Sheynzon, Elizabeth M. Transposing Lolita: Virtual Emigration. 2007

Bibliographic title
Transposing Lolita: Virtual Emigration
Periodical or collection
Nabokov Online Journal
Periodical issue
v. 1
Publication year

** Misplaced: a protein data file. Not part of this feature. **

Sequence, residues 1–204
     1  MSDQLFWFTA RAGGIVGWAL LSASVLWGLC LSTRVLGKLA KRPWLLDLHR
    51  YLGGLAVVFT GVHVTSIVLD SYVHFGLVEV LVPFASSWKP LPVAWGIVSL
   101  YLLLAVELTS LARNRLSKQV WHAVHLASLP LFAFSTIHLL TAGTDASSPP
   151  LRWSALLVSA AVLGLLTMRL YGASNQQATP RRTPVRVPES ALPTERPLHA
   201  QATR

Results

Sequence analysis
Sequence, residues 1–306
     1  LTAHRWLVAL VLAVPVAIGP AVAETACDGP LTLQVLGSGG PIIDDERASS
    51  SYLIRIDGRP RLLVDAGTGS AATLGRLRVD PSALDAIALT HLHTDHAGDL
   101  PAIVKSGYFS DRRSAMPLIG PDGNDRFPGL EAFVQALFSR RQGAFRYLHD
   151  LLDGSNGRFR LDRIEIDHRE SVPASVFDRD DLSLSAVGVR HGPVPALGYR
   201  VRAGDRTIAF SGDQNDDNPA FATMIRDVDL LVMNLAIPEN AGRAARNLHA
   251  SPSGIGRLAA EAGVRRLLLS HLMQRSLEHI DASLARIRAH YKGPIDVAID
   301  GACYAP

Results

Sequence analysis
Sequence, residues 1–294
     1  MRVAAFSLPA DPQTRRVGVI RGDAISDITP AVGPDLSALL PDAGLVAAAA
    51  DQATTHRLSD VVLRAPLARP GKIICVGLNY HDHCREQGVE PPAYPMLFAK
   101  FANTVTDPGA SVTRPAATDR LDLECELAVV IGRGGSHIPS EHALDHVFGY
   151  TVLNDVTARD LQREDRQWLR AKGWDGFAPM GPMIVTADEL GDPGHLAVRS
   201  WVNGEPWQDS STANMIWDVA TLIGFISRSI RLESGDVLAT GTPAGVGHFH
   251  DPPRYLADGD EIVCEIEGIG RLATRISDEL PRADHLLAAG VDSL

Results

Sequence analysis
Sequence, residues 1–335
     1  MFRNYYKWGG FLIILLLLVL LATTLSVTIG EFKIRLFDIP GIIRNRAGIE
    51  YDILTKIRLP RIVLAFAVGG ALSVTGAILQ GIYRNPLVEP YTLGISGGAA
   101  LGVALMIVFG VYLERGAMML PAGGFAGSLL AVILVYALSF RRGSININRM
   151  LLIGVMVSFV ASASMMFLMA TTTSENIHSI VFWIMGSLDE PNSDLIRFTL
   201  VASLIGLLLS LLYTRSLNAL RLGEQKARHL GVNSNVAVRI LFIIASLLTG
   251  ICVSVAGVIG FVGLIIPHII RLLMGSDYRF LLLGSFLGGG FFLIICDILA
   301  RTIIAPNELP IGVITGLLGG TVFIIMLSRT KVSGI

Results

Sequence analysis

The intricate world of Vladimir Nabokov's writings, full of cross-references, allusions, codes and riddles, is ostensibly self-contained and artificial. Yet it manages to transcend its insularity and continues to reveal its relevance to the critical concerns of our times. This essay reads Nabokov's Lolita in conjunction with a recent example of Nabokov's transcultural relevance, Azar Nafisi's Reading Lolita in Tehran. In her Memoir in Books, as she defines the genre of her writing, Nafisi describes her experiences teaching American literature, first in a university setting and then - as censorship, dress codes, and other religiously motivated limitations become more and more severe - in a private seminar she holds in her Tehran home for a few female students. While they read and discuss quite a few books, Lolita becomes the top-billed title. Nabokov's novel is chosen because it goes "against the grain of all totalitarian perspectives." Lolita counters totalitarianism by literary means and not political ones. Nafisi's book puts in stark relief such issues in Lolita as foreignness, virtual and real emigration, gender relations, the individual versus the collective (or the mass), meta-discourses (with their imitations) versus unique narratives, and the universality of subjective and objective judgments. This analysis of Nabokov's relevance features Kant's moral, aesthetic, and political philosophy, Derrida's discussion of foreignness, and Lyotard's interpretation of otherness in order to bring to the fore the stakes of Nafisi's memoir.